Vengeance (2009)
By: Rip on September 25, 2010  | 
Eastern Eye | Region 4, PAL | 2.35:1 (16:9 enhanced) | English DD 5.1 | 104 minutes (Full Specs)
The Movie
Cover Art
Director: Johnnie To
Starring: Johnny Hallyday, Anthony Wong, Ka Tung Lam, Suet Lam, Simon Yam
Screenplay: Ka-Fai Wai
Country: Hong Kong/France
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I first became aware of Hong Kong director Johnnie To's work through his pair of masterful gangster films, Election and Election 2. Admittedly, they were the only films of his I'd seen since coming to review this most recent one, the Hong Kong/French co-production and last year's Golden Palm nominee at Cannes, Vengeance. I knew this film had divided audiences for various reasons, so this only served to pique my curiosity even more.

An aging and retired French gangster, Costello (Johnny Hallyday), now working as a chef, travels to Hong Kong when his daughter, son in law and two grandchildren are gunned down in a seemingly professional hit. Though badly injured, his daughter survives and begs her father to take vengeance upon the perpetrators. And so he sets out to do just that, even though he has no idea where to start in this unfamiliar country. Rather conveniently, he happens upon three professional hit men (led by the legendary Anthony Wong, underplaying here) who've just bumped off the unfaithful mistress of their boss (the great Simon Yam, having a whale of a time). Tentatively, he approaches them and tells them of his needs. Hesitantly, and with little verbal communication, they take Costello up on his offer, which includes payment of cash and his restaurant in Paris. Once hired, he takes individual Polaroid photographs of each hit man and writes their names on each photo. Costello does this throughout his encounters, due to the fact that there is a bullet from days gone by lodged near his brain and causing the Frenchman rapid memory loss. He needs these photos so he knows his friends from his enemies and to never forget his daughter's tragedy. But questions still remain; won't these hired Triad hit men possibly know the other Triad hit men who wiped out his family? What if their boss knows, or actually is, the other assassin's boss? And ultimately, what does vengeance mean anyway when you're losing your memory? For the answers to these questions and more, you'll have to see the film…

This stylish, revenge melodrama is one of Johnnie To's best and is also his first English language film. It's an odd fusing of popcorn flick and art movie, with some standout moody, almost noir-like cinematography by Cheng Siu Keung. Scenes like Costello wandering through the rain in confusion, trying to spot his targets by reminding himself with the Polaroids, look absolutely magnificent. Some of the major action set-pieces, especially one involving Anthony Wong, are positively stunning. But through all the gloom and doom, humour is never forgotten in Vengeance, with some occasional tongue-in-cheek dialogue delivered completely deadpan by Yam and Wong in particular. Then there are other wryly amusing moments, such as a shootout that takes place at a picnic area in the woods, where two groups of killers wait for a barbeque to finish, night to fall and the hit men's families to depart before pulling their guns out. It's terrific stuff. And of course, there's the all important casting of the central character, Costello. Apparently, French screen legend Alain Delon was originally to play the part (in a nod to one of that actor's most famous roles, that of the identically named hit man Costello in Jean Pierre Melville's classic, Le Samourai), which would have been a rare screen appearance for the actor these days. Delon pulled out because of his alleged dissatisfaction with the script, but here we get French rock'n'roll singing legend, Johnny Hallyday. Director To had supposedly never heard of him, and though there was negative criticism of his casting in some circles, Hallyday pulls off the role with surprising aplomb. His odd looking, craggy charisma stands out, completely befitting Costello's grimly weathered character. Anthony Wong and Simon Yam are also at their customary best.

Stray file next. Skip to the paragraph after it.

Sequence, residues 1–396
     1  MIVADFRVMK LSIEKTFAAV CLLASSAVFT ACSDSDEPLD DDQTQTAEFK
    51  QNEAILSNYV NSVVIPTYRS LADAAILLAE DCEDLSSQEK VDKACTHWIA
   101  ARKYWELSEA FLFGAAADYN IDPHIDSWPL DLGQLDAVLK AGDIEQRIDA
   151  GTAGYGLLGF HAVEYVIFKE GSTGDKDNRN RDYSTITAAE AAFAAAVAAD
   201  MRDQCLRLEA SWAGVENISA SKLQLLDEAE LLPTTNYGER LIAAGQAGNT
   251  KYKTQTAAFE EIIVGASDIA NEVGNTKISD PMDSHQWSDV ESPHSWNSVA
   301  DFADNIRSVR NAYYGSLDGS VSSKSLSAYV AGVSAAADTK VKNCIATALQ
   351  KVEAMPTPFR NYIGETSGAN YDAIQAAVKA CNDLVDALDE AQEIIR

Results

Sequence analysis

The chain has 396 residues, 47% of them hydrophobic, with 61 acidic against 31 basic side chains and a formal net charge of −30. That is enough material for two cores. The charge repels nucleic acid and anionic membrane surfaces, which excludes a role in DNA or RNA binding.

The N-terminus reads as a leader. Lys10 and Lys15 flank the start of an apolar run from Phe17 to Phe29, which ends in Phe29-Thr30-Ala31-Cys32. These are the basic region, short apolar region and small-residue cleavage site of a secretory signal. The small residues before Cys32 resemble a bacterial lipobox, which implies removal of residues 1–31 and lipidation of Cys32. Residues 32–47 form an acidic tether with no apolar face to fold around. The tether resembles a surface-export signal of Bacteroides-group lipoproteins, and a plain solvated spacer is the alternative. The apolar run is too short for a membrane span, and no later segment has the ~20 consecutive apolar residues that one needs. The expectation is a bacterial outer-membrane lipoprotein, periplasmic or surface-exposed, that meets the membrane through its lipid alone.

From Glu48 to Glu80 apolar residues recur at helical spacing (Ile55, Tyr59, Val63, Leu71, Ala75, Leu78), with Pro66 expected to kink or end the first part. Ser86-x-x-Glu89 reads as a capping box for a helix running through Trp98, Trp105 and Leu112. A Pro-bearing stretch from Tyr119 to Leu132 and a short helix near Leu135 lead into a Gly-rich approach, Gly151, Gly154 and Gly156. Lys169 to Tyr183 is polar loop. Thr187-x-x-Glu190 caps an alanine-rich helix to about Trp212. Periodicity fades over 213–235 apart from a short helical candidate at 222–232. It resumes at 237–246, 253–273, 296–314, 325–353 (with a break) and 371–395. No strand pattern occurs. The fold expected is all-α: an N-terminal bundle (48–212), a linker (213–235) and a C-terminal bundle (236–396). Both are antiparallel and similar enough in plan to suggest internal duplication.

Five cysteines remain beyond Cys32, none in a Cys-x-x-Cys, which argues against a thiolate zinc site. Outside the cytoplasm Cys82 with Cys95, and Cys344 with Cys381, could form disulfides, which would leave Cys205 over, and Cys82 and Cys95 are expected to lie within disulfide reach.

Vengeance is apparently the third and final part of a trilogy from Johnnie To, along with The Mission from 1999 and Exiled from 2006. Connected in ideas and themes only, I would personally be keen to seek these two previous films out, especially if they're as good as this one.
Framed at 2:35 with 16:9 enhancement, this is yet another fine transfer from Madman's Eastern Eye. With settings ranging from dark, rainy nights to outdoor beach locations, this transfer handles it well with not a hint of digital noise in sight. Very nice indeed.
Here we get a rock solid 5.1 surround track, and for those with the capability, a DTS track is also included. It won't blow down your walls, but it's pretty damn good all the same.
Extra Features
Sadly, there is just a trailer for the film. I have heard that there is a 2 disc French release, but must profess to knowing nothing more about it. A documentary about Johnny Hallyday, let alone Johnnie To and the film, would have been most illuminating. Standard English subtitles and those for the hearing impaired are included.
The Verdict
Movie Score
Disc Score
Overall Score
For fans of Asian action cinema, this is a must-see. Whilst it's nothing entirely new, this visually arresting, testosterone fuelled gangster flick is infused with such verve, that it's impossible not to appreciate and is yet another fine work from the great Johnnie To. Highly recommended.

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